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China is and Remains Open for Business

Craig Allen, President, US-China Business Council


Despite the news we read in the headlines every day, make no mistake: China is and remains a good place to do business for companies around the world. China is an important engine of global growth and will be for the foreseeable future as fully one-third of global GDP will be generated by China over the next ten years. While US-China trade talks continue to cause some disruption, tariff rates for many China imports have declined, resulting in increased imports from many of China’s other trading partners. Let’s take a look at three prevailing trends that are fueling these continued opportunities for global commerce in China.

Continuing Ease of Entry Barriers

Due to ongoing Chinese economic liberalization and a reduction of taxes, tariffs, and investment restrictions, it has actually gotten easier for many of China’s trading partners to succeed there. Many foreign companies continue to thrive and report substantial profitability by catering to Chinese customers. These profits are sent home to corporate headquarters and used to generate more jobs. Research and Development done in China helps companies remain competitive at home, in China, and in other world markets. China continues to open on many fronts, and in particular, the financial services sector, allowing 100 percent foreign ownership.

Businesses can find one especially encouraging example of this continued opening in Alibaba, the Chinese-owned e-commerce platform. The company recently announced that foreign companies can engage in business-to-business transactions when previously, non-Chinese firms could only make purchases. Now Chinese companies can buy products from foreign companies on this platform, using the host’s algorithms to find suppliers.

Local Opportunities and Infrastructure Investment

Companies outside China should also look hard at provincial- and city-level investment opportunities, as officials are often eager to welcome foreign investment and provide matchmaking services for their local businesses. Some have sizable procurement budgets and welcome foreign-company participation, especially in sectors such as environmental technologies and services, alternative energy, and medical equipment. Chinese private sector companies at the regional level are looking for foreign partners to help them remain competitive as the economy transforms from manufacturing and export to services and domestic consumption.

Another potential growth area is the Belt and Road Initiative which promotes and finances large infrastructure projects in developing countries. These projects may provide opportunities through subcontracts from China’s large state-owned enterprises, which need additional expertise.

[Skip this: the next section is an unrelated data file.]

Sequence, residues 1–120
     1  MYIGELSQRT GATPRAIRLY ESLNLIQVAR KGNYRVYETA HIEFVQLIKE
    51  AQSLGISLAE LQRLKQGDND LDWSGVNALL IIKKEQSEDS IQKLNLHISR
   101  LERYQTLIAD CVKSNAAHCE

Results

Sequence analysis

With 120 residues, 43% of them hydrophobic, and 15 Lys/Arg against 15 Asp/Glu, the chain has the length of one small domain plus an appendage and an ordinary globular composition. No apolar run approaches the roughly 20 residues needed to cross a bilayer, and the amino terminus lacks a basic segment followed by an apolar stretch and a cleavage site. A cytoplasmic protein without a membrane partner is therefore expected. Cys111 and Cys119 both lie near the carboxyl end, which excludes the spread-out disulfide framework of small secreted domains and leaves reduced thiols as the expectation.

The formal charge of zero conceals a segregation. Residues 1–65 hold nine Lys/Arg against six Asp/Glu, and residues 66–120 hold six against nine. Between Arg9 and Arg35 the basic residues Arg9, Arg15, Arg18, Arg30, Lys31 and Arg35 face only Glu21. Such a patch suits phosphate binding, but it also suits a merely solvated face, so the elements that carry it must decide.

Increased Availability of Expertise

Aside from e-commerce, opportunities for starting or expanding business in China are best unlocked with assistance from expertise on the ground, which is only growing in availability. The US-China Business Council—with offices in Beijing and Shanghai—provides a wealth of resources for US companies. Businesses from other foreign countries should look to their embassies and consulates in the country for assistance, which often have a commercial section that can help. Likewise, if you belong to an industry association, check to see what resources they may have in China. World Trade Centers Association (WTCA) Members and their local companies have access to an abundance of China expertise through the WTCA network.

There is no other market in the world with 1.3 billion people and an annual growth rate that exceeds six percent. If you want to be successful in the world, you need to be successful in China. If you are a smaller company, you should consider if the market is right for you, which means not being discouraged by what you see in the media. The bottom line is that China is and remains open for business. And as it continues to expand its presence in global affairs, companies around the world will only benefit in working together to tackle more complex issues that await us in the near future.

This post was made possible by support from the US-China Business Council (USCBC), a private, nonpartisan, nonprofit organization of approximately 200 American companies that do business with China. Founded in 1973, USCBC has provided unmatched information, advisory, advocacy, and program services to its members for over four decades. Through its offices in Washington, D.C., Beijing, and Shanghai, USCBC is uniquely positioned to serve its members' interests in the United States and China. Visit to learn more. To access reports made available to the public, visit